Birth of the Smoke-O-Tron Enclosure

Before… Before shot.

After… Smoke-O-Tron, powered up!

My friend Dan built the electronics for a temperature controller for his electric smoker.  I figured since I have the CNC mill, it was a moral imperative for me to do some nice enclosure work for him to make the project look slick.  Dan admitted his initial attempts at the case work with a Dremel tool were lacking somewhat, so about a month back he passed the guts over to me so I could have a go at it.  It took a few attempts to come up with a design I was satisfied with and execute it well enough to consider it done, but I chalk all of that up to gaining experience on the machine.   I was pleased to finally be able to present the finished product to him last night!

The electronics originally fit into a waterproof PVC Carlon box.  The lid had been previously attacked with a Dremel, but I figured if I cut out a large window and made an insert for it, we could salvage it as well as end up with a nifty look.  So, I started out by CNC milling out a roughly 4.7″ square from the lid.  I then made a clear polycarbonate insert, just slightly smaller by about 0.010″, so it would slip fit inside and stay in place with a flange.  The polycarbonate insert received some decorative milling on the front panel, and some functional drilling on the rear panel to provide mounting and a place for the knob to pass through.  The insert also got an engraving treatment with some text using the new high speed spindle mount that I built last week.  Since getting engraving working well, I had tried a few experiments of back painting engraved text.  I did the same for the Smoke-O-Tron, using some water-based Rust-Oleum hobby paint.  I made sure the see-through LCD window was well masked off with the original paper that came with the polycarbonate as well as some supplemental electrical tape.  I sanded the back of the insert, avoiding the LCD window, with 220 grit in my random orbit sander, and applied a couple of coats of black spray paint.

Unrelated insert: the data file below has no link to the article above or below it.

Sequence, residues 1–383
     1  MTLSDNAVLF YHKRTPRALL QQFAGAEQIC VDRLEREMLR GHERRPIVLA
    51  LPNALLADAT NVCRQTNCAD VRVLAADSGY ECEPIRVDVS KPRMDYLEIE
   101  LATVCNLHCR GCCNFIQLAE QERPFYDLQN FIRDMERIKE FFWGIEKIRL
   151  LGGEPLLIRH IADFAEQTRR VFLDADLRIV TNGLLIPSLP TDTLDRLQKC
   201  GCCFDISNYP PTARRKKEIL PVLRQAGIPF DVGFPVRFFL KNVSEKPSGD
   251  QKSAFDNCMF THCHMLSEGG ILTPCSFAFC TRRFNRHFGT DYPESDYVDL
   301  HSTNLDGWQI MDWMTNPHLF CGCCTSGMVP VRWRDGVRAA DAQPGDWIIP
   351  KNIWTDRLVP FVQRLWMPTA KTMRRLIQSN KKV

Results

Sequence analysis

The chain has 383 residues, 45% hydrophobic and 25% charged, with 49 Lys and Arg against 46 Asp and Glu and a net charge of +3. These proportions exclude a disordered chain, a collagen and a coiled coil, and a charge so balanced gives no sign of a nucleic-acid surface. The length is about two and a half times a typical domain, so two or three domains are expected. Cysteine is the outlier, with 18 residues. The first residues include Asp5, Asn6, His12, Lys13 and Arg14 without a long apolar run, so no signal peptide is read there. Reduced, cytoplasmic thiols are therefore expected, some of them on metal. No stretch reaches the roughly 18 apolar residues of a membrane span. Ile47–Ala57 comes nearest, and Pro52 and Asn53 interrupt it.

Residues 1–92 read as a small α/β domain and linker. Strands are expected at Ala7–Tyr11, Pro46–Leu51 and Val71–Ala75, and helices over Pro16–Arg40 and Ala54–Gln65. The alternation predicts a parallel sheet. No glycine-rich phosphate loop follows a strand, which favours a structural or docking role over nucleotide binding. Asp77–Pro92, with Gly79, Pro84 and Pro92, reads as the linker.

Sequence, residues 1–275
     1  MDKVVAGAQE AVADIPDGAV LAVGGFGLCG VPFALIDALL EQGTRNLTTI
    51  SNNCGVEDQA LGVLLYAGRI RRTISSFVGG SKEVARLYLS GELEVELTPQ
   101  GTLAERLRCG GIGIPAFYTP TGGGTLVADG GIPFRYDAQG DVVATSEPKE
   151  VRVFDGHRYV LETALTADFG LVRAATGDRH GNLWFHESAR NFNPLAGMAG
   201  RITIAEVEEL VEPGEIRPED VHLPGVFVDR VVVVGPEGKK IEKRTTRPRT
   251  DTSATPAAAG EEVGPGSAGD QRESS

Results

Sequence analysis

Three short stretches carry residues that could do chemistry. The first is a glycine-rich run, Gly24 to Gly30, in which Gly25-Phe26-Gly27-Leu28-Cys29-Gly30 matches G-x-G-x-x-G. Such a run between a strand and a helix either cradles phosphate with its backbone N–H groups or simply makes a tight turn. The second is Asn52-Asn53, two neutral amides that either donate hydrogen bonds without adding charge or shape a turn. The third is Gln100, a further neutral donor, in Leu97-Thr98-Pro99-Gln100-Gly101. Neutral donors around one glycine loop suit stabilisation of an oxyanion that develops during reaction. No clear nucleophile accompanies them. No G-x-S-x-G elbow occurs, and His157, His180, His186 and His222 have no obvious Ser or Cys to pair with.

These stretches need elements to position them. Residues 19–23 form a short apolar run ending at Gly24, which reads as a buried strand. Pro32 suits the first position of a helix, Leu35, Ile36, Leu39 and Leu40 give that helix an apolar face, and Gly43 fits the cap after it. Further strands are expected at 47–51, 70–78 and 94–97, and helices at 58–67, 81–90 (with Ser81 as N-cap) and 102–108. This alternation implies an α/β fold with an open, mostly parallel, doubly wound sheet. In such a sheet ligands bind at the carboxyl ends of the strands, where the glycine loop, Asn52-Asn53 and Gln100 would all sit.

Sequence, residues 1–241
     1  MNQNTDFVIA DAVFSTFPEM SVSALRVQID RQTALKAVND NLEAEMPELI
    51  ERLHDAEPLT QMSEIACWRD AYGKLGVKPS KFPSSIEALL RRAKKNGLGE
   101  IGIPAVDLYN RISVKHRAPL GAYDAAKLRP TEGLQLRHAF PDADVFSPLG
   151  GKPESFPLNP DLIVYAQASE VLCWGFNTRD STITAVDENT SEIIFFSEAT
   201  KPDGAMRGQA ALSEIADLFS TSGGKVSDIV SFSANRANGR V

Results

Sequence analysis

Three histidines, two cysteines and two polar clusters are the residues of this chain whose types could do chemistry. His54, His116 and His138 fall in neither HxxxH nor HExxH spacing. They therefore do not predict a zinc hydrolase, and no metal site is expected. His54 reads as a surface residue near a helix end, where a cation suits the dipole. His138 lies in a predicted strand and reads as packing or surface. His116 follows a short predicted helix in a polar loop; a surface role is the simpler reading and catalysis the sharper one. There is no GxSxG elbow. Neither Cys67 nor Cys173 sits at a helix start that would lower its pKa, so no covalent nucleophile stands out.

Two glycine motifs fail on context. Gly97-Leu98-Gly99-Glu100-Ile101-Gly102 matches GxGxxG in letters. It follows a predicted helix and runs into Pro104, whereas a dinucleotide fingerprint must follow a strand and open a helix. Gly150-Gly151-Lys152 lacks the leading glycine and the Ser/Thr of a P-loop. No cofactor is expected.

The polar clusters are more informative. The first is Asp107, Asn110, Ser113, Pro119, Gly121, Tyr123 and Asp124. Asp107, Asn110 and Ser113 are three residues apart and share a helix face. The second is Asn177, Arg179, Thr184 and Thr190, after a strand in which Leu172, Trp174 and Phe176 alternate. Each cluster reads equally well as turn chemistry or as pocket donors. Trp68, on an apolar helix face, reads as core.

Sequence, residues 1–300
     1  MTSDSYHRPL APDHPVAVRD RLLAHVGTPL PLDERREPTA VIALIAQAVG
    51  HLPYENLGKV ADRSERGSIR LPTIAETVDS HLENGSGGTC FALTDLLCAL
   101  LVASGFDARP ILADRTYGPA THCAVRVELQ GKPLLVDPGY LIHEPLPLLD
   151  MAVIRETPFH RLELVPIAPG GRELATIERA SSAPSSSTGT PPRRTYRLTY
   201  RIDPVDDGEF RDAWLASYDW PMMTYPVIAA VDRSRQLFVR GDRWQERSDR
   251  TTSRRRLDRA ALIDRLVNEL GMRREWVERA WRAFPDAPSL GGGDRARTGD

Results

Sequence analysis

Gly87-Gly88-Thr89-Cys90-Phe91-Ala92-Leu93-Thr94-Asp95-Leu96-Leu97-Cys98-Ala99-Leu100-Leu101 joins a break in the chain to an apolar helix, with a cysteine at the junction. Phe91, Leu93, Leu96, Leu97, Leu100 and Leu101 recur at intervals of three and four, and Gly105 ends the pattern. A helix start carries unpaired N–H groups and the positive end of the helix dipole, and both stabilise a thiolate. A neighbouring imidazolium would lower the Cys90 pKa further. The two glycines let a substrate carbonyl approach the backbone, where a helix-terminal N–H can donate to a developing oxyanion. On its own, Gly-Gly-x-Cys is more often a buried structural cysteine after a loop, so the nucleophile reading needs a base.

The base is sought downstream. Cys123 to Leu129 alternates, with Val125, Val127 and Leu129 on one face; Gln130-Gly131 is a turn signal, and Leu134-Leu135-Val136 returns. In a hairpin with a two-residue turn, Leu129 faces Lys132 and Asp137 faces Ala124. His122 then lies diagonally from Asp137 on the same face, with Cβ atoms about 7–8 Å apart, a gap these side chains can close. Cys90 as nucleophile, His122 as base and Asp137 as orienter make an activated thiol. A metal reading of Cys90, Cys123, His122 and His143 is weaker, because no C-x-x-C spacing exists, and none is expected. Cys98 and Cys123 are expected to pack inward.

The main electronics consists of the main PCB and a small character LCD.  After one misguided attempt of doing blind tapped holes in the clear insert (ugly and visible), I came up with the much cleaner “mezzanine” approach.  This is often done in front panel work in devices, especially when varying heights have to be accounted for.  The particular scheme I chose a completely clean front panel look with no visible screws.  The electronics mount to both sides of a small polycarbonate plate, and the plate itself is mounted to the PVC enclosure by way of some custom-length standoffs.  The standoffs also serve to sandwich the front panel PVC insert in place.

I also made a quick shaft adapter/extender for the encoder wheel, which adapts from 6mm to .250″ and provides a long enough shaft extension that passes through the mezzanine, front panel insert, and into the knob.

All in all, I’m fairly pleased with the end product.  It looks slick, and I have learned a few new techniques for future projects.  As usual, here is a video which details the making of the enclosure, and a bunch of pictures as well.

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